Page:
Liposuction is a procedure to remove focal accumulations of fat beneath the skin. The best results with liposuction are achieved when applied to areas of focal contour deformity. The most frequently treated areas are the hip, outside thigh, inner thigh and flanks. Liposuction is frequently combined with other operations to improve results of surgery in these areas. A full range of body contouring procedures including: abdominoplasty, arm reduction, liposuction, thigh reduction and body lift.
Yes. Although liposuction is generally very safe, deaths have been reported from liposuction. The risk factors associated with this are extremely large volume liposuction and surgery performed outside a hospital environment. Dr Magnusson does not perform extreme volume liposuction and liposuction is performed in-hospital except for those with very small and localised problems.
This is true. Skin that is pushed out due to fat beneath it may have a smooth contour due to stretch of the skin. When this fat is removed, the contour may be improved but the quality of the skin may be downgraded. This is frequently due to a loss of elasticity in the skin with age, weight gain and especially pregnancy. A similar effect can be seen in a normal balloon which may be smooth and round when it is fully inflated but becomes irregular as it deflates (the resulting in the balloon is far more dramatic than the result in a patient!). In both instances irregularity is due to a loss of elasticity.
There may also be focal irregularities as a result of post surgical blood collection or zones that have been less completely or more completely treated.
Dr Magnusson will talk with you about what to reasonably expect. The final result will depend upon your body shape, age, skin elasticity and fat volume. Liposuction is a form of body contouring and as such it is designed to improve the outline of your body noticed especially in clothing. Liposuction is not a weight loss tool.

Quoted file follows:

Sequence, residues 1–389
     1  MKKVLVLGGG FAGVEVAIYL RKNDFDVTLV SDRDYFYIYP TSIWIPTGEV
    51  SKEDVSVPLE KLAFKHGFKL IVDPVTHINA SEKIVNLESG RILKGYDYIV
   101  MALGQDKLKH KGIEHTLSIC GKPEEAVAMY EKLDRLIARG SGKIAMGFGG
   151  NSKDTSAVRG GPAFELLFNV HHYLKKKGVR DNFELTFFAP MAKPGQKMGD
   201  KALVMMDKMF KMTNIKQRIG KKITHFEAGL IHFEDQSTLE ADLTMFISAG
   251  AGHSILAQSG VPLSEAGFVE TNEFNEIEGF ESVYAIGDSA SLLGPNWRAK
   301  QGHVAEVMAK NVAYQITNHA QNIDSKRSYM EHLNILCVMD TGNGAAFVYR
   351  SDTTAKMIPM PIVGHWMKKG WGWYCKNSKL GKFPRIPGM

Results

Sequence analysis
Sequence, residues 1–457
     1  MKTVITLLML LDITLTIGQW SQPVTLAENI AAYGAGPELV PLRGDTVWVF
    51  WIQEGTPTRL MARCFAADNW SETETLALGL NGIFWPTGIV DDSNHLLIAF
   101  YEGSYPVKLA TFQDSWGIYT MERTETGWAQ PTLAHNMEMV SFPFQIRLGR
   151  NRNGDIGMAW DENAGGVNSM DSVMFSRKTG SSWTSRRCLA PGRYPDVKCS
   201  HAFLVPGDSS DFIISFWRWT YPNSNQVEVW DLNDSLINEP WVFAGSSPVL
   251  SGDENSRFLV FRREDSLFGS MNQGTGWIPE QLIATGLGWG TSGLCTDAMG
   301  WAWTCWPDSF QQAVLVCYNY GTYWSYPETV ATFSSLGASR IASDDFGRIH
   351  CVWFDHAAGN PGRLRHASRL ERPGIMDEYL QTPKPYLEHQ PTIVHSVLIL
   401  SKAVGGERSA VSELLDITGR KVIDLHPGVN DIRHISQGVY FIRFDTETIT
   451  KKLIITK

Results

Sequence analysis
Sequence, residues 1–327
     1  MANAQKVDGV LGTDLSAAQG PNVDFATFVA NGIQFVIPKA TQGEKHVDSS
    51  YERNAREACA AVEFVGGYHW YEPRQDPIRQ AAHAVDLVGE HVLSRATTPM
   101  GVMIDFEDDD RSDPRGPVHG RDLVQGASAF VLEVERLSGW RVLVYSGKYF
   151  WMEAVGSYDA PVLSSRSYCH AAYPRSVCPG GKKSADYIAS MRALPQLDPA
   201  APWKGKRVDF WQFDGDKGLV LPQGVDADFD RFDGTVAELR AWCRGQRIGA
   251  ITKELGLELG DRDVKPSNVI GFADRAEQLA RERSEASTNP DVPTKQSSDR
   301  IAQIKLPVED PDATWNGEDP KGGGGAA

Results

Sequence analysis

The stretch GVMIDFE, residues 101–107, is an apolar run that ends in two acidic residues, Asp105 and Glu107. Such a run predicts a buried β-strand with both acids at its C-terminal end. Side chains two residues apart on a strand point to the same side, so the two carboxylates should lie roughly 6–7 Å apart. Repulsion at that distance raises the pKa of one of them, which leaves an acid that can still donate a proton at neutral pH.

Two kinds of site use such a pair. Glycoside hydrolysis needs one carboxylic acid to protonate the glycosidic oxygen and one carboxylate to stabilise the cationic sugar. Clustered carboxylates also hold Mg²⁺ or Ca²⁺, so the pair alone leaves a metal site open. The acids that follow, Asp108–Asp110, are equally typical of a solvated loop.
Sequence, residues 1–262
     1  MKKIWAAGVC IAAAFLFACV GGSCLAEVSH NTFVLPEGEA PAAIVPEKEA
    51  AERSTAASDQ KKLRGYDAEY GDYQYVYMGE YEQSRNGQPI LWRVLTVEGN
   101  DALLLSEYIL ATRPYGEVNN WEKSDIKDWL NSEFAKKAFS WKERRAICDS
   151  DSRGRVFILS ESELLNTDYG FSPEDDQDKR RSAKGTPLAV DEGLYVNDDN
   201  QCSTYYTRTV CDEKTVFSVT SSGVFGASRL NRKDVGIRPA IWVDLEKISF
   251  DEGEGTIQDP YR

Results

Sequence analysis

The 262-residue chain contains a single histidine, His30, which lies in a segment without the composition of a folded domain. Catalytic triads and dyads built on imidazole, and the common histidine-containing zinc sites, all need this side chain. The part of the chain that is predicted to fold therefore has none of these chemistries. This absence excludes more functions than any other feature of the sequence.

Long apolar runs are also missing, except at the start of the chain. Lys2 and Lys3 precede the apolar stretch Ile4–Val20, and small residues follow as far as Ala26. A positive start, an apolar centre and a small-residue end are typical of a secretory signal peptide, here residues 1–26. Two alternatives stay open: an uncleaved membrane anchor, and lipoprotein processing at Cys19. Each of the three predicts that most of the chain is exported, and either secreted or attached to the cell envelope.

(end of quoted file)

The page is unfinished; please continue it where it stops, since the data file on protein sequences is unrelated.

Patients will frequently wonder if their lower abdomen can be corrected with liposuction. Liposuction is associated with small scars that are usually very difficult to find once completely healed. It is understandable that this has a greater appeal than the long scar associated with an abdominoplasty. After pregnancy and childbirth, but also associated with weight changes from other causes, there can be excess stretched skin, a loss of skin elasticity and changes to the muscles of the abdomen. Liposuction will not be appropriate in many of these circumstances as is only addresses fat content. Abdominoplasty is often the appropriate method of dealing with this problem surgically. Liposuction however can be combined with abdominoplasty for some patients to reduce the length of the scar and also to obtain benefits in locations other than the central abdomen.
For the vast majority of patients, choosing to have liposuction is considered a cosmetic procedure and has no assistance from Medicare or health funds. Small group of patients will however gain assistance from Medicare and their health fund. This is for pathological conditions such as post-traumatic pseudolipoma and buffalo hump formation as a result of steroid excess (this can be from the treatment of conditions such as asthma or in patients with Cushing’s disease). For these patients, approval from the Health Insurance Commission needs to be obtained for this benefits to apply. For this approval to be granted, clinical photographs and the covering letter need to be sent to Canberra for assessment.
For further information about your own policy you should contact your health fund.